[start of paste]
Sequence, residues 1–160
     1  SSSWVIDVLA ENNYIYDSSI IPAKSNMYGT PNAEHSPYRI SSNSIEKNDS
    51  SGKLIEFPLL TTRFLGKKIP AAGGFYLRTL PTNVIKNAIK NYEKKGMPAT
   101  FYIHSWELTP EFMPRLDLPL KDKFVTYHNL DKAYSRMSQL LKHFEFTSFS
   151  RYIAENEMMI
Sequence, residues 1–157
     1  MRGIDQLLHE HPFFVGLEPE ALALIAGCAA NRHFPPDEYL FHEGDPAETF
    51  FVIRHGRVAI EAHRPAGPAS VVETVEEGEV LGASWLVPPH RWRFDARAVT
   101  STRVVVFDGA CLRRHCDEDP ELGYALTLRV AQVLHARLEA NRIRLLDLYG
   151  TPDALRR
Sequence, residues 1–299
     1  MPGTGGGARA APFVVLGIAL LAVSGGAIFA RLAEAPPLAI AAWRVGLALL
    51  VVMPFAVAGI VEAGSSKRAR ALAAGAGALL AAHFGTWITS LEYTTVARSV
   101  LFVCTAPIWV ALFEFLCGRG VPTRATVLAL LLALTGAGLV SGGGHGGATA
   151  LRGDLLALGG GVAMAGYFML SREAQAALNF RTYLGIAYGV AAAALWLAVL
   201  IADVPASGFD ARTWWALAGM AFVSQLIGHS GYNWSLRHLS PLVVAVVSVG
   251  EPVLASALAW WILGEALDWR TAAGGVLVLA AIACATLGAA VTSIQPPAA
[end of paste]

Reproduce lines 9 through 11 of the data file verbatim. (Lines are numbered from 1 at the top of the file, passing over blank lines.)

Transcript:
   101  STRVVVFDGA CLRRHCDEDP ELGYALTLRV AQVLHARLEA NRIRLLDLYG
   151  TPDALRR
Sequence, residues 1–299